Eye For Film >> Movies >> Bad Boys II (2003) Film Review
Bad Boys II
Reviewed by: Angus Wolfe Murray
The boys are bad when once they were good.
This must be the longest (2.5 hrs), most destructive (vehicles wrecked) and convoluted hokum action movie ever made. Even the relationship between Mike (Will Smith) and Marcus (Martin Lawrence), cop partners in TNT (Tactical Narcotics Team), is complicated by Mike's involvement with Marcus's sister Syd (Gabrielle Union), an undercover agent, working in the same field, not to mention on the same case.
Michael Bay came out of nowhere to direct Bad Boys in 1995. He went on to greater things (Armageddon, The Rock), but at that time he was young and unknown, not unlike his stars, rap singer Smith and stand-up comic Lawrence. The chemistry was perfect and the script genuinely funny. Also, Bay demonstrated a skill with explosives that became his trademark.
Eight years later, Smith is on Hollywood's A-list, Lawrence makes a succession of excruciatingly unwatchable comedies and Bay's ambition keeps on soaring. They come together for the sequel, co-written by writer/director Ron Shelton, and everything falls apart, or, to be more accurate, nothing fits. Gunfire is constant, violence endemic, four-letter words embedded and car chases used as an excuse to choreograph multiple crashes. Even more surprising, the humour fails to induce a snigger.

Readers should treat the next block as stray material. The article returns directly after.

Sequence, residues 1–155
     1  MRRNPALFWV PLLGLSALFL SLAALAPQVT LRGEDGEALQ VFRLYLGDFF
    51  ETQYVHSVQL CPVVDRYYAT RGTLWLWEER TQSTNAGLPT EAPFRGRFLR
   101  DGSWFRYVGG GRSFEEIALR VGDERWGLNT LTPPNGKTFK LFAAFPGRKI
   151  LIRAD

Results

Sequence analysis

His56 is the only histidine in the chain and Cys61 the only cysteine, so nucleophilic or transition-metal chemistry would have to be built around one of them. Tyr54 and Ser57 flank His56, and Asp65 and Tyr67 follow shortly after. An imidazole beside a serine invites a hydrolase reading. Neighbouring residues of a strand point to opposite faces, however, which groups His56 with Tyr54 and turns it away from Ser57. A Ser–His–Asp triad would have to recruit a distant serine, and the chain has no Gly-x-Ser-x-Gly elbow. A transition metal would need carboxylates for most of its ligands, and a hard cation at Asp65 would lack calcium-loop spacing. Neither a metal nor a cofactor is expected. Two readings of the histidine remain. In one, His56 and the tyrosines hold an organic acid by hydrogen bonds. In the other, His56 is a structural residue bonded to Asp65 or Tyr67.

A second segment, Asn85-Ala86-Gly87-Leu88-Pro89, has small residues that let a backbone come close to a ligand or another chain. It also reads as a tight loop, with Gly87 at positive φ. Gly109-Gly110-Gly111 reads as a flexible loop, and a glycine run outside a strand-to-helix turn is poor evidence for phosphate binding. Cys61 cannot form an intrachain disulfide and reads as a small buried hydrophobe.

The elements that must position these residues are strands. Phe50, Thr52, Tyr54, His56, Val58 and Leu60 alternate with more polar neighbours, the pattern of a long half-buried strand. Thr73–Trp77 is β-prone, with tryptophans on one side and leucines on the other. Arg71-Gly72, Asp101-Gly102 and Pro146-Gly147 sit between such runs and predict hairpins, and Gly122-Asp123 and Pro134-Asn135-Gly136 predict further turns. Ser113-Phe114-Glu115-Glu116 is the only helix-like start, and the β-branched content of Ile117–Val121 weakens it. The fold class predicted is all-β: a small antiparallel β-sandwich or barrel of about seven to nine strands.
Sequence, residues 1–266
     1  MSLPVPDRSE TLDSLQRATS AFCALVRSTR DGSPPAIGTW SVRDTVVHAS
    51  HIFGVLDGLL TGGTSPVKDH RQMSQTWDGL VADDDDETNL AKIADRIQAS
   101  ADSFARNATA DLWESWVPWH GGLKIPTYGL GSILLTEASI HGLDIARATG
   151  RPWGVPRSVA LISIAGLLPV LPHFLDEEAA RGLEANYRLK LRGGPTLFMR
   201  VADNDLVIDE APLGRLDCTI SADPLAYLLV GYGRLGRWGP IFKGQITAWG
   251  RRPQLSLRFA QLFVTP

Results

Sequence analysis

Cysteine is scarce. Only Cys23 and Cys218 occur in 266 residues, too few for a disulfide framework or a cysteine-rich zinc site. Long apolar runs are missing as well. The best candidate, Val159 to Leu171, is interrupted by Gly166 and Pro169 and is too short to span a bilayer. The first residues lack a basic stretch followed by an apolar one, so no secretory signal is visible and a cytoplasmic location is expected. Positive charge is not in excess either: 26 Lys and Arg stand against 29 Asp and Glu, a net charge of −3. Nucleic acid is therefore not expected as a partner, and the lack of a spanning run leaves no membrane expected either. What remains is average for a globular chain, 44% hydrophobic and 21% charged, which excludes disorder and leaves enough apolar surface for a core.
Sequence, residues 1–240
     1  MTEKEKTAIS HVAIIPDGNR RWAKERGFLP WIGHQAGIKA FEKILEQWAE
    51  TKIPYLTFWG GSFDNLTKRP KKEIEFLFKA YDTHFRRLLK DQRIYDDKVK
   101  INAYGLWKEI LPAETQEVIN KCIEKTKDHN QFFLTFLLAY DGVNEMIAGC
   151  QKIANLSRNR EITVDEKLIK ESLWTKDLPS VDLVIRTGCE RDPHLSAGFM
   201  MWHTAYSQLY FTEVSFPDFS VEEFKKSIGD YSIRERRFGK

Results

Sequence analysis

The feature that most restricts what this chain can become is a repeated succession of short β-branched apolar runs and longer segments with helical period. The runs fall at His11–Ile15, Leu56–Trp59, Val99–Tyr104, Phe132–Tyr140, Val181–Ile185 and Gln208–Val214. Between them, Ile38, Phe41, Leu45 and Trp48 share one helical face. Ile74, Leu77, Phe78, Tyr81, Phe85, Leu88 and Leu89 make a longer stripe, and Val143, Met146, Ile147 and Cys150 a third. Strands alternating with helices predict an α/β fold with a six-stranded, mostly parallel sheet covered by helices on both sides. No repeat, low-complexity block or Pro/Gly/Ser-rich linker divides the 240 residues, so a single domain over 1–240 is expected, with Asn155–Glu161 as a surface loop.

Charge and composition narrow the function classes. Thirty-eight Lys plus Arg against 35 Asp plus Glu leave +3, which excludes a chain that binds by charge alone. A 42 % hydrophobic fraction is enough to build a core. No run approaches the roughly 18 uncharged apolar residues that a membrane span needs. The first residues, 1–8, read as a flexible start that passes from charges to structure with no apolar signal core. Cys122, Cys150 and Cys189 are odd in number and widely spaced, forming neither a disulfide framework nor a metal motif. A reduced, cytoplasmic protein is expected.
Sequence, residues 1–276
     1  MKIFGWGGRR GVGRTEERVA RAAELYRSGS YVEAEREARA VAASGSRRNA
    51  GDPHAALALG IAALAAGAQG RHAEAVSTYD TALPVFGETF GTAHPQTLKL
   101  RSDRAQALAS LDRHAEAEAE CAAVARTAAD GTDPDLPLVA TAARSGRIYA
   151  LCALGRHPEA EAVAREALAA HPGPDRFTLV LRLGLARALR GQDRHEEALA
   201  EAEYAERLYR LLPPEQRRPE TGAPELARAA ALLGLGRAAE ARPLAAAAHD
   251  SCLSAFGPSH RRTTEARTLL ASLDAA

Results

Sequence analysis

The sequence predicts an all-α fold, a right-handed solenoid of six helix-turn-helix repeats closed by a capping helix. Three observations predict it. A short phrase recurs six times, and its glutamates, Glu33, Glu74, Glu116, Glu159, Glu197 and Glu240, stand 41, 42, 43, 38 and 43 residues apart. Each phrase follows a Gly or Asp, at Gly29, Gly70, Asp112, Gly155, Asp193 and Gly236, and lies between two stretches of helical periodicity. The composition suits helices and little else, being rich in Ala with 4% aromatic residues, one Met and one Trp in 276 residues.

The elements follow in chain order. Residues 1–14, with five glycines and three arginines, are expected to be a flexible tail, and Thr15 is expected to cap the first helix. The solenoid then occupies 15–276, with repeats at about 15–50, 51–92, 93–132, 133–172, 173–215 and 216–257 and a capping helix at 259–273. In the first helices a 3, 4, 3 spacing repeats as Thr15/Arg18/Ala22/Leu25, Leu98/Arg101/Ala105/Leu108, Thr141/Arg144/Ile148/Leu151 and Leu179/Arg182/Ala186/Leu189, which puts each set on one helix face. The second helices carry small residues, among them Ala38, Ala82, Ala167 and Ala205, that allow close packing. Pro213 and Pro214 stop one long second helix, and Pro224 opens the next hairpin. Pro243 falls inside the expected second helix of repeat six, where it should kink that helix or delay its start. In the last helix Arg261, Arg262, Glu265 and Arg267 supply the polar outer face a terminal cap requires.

The stunts highjack the plot. Drugs are involved, naturally, since they have taken the place of gold, as the criminal's most wanted commodity. A Spaniard (Jordi Molla), with a short fuse and designer stubble, is smuggling the stuff into Miami in coffins. A Russian (Peter Stormare), who controls the distribution as well as every nightclub in town, is feeling the heat. There is no room for nice guys here.
The cops, especially Mike and Marcus, are causing havoc, without coming up with evidence to convict the Spaniard. Syd is in place, doing her seduction number, while the TNT crew are breaking things outside. In the end, it becomes a confrontation in Cuba between thugs, sophisticated equipment, a million rounds of ammo, a fleet of helicopters and big cars that make Landcruisers look like Dinky toys.
The Smith/Lawrence double act does not work this time. Smith lets it all pass by, while Lawrence tries too hard to raise a laugh. Molla is effective as a ruthless, power hungry scumbag and Stormare, the schizophrenic killer from Fargo, enjoys his Russian connection, hamming it up with a certain style.
The film never seems to want to end. When it does, the sense of release is tangible.Reviewed on: 02 Oct 2003